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Review: The Ten Thousand by Paul Kearney

This is number 2 in the 2014's Books Actually Read list. The fact that, when on a roll, I usually read anywhere from two to five books in a week makes this a somewhat sad statistic, especially when considering it is now the end of February. thetenthousand

WTF? How did we get to the end of February already?

Anyway. Paul Kearney's The Ten Thousand chronicles the events following the hiring of ten thousand Macht mercenaries, who are subsequently marched across another continent to topple the Great King of the Kuf of the Asurian empire, all in the name of said Great King's wannabe Great King-toppling brother.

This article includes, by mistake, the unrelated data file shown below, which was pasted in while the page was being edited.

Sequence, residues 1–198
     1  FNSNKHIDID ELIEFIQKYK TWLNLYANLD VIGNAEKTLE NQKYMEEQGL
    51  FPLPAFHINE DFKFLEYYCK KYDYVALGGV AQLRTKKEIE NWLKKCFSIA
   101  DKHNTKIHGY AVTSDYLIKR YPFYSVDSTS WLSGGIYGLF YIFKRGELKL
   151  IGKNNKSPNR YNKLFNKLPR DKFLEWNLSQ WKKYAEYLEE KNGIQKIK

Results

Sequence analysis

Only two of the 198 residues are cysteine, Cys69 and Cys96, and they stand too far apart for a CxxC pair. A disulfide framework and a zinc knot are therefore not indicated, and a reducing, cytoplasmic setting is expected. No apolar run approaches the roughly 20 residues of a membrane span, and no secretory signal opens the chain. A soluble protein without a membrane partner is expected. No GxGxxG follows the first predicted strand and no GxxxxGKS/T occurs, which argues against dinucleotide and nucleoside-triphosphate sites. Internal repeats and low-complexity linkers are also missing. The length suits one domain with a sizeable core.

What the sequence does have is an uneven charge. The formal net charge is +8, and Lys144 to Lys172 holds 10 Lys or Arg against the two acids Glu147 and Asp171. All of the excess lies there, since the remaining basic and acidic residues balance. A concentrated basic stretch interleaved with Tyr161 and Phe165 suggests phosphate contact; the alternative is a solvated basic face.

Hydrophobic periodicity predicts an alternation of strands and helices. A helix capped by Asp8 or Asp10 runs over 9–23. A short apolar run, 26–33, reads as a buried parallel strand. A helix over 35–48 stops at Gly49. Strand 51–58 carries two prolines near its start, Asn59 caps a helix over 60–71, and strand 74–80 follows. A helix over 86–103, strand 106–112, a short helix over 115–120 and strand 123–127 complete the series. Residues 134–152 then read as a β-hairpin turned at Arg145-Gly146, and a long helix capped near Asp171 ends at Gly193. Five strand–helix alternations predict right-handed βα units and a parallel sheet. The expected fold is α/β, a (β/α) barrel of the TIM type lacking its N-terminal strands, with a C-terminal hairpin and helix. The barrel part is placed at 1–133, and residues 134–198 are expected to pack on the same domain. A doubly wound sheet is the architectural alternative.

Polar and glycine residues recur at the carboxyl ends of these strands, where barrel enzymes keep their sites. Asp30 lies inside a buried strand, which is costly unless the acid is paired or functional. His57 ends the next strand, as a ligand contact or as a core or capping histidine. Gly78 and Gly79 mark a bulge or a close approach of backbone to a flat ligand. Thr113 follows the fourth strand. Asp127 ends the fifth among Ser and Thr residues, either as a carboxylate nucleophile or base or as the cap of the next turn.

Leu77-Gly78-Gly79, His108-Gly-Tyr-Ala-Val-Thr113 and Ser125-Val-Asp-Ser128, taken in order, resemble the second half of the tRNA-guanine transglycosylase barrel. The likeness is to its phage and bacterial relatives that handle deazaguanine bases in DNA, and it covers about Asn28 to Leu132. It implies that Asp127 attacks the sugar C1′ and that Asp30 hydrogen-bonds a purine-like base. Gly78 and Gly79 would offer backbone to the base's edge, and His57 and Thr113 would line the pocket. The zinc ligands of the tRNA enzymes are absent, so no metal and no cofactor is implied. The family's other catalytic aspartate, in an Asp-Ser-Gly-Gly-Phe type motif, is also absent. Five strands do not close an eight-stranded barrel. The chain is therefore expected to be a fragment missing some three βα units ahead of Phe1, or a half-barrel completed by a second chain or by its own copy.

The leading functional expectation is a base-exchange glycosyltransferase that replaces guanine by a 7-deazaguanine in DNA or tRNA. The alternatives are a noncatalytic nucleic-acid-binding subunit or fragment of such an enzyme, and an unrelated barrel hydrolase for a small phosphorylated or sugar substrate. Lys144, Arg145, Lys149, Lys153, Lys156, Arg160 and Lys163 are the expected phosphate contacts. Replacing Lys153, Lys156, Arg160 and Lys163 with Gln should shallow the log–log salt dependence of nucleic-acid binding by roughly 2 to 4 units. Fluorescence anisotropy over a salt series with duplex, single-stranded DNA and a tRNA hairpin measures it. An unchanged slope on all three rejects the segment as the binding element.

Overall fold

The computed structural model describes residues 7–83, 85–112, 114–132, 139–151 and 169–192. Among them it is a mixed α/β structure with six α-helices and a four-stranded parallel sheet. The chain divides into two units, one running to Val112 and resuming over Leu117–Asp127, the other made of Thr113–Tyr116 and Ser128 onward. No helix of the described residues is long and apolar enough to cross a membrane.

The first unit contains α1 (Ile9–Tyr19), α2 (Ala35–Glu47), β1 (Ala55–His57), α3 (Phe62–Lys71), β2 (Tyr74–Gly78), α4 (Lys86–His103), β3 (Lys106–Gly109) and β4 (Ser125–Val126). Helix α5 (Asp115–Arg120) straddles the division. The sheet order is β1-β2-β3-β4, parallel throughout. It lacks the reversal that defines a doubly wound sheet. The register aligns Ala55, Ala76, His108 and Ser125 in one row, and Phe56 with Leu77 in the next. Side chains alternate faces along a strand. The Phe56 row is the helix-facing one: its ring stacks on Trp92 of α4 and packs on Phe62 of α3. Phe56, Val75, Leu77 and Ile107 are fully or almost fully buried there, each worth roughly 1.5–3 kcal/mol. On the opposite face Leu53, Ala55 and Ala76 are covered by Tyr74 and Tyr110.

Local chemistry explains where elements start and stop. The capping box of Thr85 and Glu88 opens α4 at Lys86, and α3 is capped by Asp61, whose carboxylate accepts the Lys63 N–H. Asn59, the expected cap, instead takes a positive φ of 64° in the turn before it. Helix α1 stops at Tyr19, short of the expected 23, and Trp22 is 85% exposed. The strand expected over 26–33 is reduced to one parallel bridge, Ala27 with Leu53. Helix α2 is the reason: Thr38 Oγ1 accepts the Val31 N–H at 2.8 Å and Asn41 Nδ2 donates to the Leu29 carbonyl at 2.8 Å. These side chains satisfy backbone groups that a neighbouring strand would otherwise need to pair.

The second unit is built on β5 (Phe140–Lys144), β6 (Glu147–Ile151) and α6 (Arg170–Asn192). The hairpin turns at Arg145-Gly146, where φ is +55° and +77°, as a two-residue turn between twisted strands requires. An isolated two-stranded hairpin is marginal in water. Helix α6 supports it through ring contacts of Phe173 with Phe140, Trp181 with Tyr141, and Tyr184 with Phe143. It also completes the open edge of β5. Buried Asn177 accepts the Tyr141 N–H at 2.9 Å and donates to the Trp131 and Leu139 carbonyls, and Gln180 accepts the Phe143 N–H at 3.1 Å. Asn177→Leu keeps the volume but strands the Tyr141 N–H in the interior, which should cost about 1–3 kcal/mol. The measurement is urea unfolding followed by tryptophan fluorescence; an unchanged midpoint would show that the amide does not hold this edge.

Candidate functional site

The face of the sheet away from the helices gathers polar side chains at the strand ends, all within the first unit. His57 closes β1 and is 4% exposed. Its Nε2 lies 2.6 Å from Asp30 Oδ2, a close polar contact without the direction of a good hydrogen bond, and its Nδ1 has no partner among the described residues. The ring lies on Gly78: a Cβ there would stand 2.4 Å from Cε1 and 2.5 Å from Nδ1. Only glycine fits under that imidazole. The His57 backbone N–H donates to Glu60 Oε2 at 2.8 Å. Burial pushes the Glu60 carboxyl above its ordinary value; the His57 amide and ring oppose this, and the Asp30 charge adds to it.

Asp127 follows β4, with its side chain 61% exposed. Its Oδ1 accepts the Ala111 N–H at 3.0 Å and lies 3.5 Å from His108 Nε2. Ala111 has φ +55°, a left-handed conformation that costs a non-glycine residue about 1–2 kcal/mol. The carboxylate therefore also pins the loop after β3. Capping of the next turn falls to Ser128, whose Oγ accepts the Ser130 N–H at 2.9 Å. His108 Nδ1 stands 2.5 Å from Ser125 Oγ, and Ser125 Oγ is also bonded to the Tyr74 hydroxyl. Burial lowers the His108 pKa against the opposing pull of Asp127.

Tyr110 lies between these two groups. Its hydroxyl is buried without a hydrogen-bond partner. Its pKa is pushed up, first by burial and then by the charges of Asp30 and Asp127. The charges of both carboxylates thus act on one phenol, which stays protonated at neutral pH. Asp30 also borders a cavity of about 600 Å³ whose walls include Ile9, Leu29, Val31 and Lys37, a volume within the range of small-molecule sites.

The Macht are renowned warriors, fighting in disciplined phalanxes and loosely based on the Greek city-states of yore. The story primarily follows Rictus, who joins the army not long after the destruction of his own city, taking on the colour before eventually rising through the ranks to command the entire caboodle. Not without cost, obviously.

The Macht are human in nature; disciplined, professional and brutally direct in combat. The Kuf are taller and more exotic something-elses; rich, bound by tradition and politics. There is not only a clash of arms here, but one of race, culture and prejudice.

The story is excellently written, the combat both gritty and real, and the writing itself compliments the setting - there is a slightly old-fashioned spartan feel to Paul Kearney's style that just works for me, especially in context of the no-nonsense Macht attitude. Yes, yes, I did just do what you thought I did.

I enjoyed this immensely and blitzed through it, and then bought the two sequels. With luck I will manage to read them this year.

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